In 2016, I was tasked by a client to help them increase their sales and industry presence in the UK market, specifically with the top 200 fashion and apparel brands and retailers in the region.
A huge challenge
The challenge for me was, unlike in my home country of Brazil, a networking one. I only had five business connections in the UK – hardly a robust portfolio. If I wanted to succeed in the UK, I was going to have to grow my network almost from scratch.
Despite my lack of initial contacts, I grew my network to over 300 connections, many of whom were major players in e-commerce and apparel in the UK, Dubai, Turkey and Romania. These contacts led to 11 meetings (I’m talking whales) with some of the largest e-commerce players in the world and a grand total of 2.132 million US dollars in new business opportunities in the pipeline for my client.
Structure to the rescue
I credit my success to a technique that is less commonly utilised by individuals and smaller teams: a sales cadence.
For the uninitiated, a sales cadence is a structured system for the frequency that you (or your team) reach out to prospective clients and the methods that you use to contact them. Cadences vary greatly, but they all have the following in common: the frequency, method of contact and time of contact are structured and consistent.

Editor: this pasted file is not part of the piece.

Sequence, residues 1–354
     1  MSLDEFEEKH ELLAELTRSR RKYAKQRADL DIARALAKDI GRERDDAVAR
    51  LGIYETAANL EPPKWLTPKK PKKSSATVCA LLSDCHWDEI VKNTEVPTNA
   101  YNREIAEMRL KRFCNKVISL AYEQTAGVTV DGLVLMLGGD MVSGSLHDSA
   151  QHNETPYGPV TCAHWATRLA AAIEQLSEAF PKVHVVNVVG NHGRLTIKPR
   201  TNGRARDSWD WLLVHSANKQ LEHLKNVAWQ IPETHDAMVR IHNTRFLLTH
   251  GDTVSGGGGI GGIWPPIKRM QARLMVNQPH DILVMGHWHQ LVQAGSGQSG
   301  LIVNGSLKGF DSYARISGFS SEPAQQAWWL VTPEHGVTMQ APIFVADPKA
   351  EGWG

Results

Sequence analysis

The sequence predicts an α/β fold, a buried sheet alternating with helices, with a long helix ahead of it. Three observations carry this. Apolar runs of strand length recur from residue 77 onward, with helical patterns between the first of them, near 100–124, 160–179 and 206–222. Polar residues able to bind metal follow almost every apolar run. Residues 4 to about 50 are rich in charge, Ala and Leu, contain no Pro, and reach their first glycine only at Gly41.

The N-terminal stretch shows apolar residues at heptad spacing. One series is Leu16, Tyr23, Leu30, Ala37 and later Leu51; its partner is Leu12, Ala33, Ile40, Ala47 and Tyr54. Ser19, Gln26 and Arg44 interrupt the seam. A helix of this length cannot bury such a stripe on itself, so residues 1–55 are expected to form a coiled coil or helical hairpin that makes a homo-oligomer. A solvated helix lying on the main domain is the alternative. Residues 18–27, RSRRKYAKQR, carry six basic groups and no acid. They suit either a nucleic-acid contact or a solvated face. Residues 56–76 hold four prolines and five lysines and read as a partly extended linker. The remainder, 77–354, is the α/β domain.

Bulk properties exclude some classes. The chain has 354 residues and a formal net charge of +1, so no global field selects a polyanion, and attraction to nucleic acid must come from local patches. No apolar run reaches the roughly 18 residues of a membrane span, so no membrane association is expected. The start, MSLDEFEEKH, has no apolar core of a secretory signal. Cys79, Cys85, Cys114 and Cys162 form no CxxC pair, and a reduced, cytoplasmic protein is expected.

Whether you are a team of one or 50, implementing a well-defined sales cadence can provide a huge boost to the efficiency and effectiveness of your client prospecting process. Here are just a few of the advantages you can expect from a well-defined sales cadence.
Focused effort – follow the cadence and eliminate the risk of sending the same email, or making the same call, twice.
Easy Tracking = Easy Refinement – Start off basic and then refine your approach according to your success rate.
Scalability – Don’t depend on your memory to track your progress. It will also make it easier to enlist others to work with you.
Preparation or onboarding – Understand who your prospects are, what industry you are best equipped to serve, at what business stage your ideal client is at, and what region you want to focus on.
Know your prospect – Do not leave anything to chance: from their name and company size and location, to who the best contacts are and how they operate on social media.
Understand their world – Write specifically to them, understanding their needs, fears and challenges.